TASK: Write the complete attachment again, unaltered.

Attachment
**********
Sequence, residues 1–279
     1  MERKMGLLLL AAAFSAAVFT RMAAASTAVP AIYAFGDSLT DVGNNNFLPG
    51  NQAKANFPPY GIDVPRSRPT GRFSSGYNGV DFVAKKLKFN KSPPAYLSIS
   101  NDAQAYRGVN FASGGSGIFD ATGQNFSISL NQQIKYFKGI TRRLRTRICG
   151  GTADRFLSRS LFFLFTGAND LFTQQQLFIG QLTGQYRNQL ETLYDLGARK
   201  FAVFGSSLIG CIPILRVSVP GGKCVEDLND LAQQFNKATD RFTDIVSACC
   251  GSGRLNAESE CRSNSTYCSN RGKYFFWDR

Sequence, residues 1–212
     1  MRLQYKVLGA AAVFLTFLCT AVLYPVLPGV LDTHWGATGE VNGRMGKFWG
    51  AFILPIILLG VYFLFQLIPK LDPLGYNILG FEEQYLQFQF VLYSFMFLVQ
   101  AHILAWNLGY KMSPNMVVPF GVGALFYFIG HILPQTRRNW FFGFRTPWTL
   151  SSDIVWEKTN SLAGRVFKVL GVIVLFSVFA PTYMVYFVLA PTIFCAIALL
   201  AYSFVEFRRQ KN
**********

Sequence, residues 1–279
     1  MERKMGLLLL AAAFSAAVFT RMAAASTAVP AIYAFGDSLT DVGNNNFLPG
    51  NQAKANFPPY GIDVPRSRPT GRFSSGYNGV DFVAKKLKFN KSPPAYLSIS
   101  NDAQAYRGVN FASGGSGIFD ATGQNFSISL NQQIKYFKGI TRRLRTRICG
   151  GTADRFLSRS LFFLFTGAND LFTQQQLFIG QLTGQYRNQL ETLYDLGARK
   201  FAVFGSSLIG CIPILRVSVP GGKCVEDLND LAQQFNKATD RFTDIVSACC
   251  GSGRLNAESE CRSNSTYCSN RGKYFFWDR

Sequence, residues 1–212
     1  MRLQYKVLGA AAVFLTFLCT AVLYPVLPGV LDTHWGATGE VNGRMGKFWG
    51  AFILPIILLG VYFLFQLIPK LDPLGYNILG FEEQYLQFQF VLYSFMFLVQ
   101  AHILAWNLGY KMSPNMVVPF GVGALFYFIG HILPQTRRNW FFGFRTPWTL
   151  SSDIVWEKTN SLAGRVFKVL GVIVLFSVFA PTYMVYFVLA PTIFCAIALL
   201  AYSFVEFRRQ KN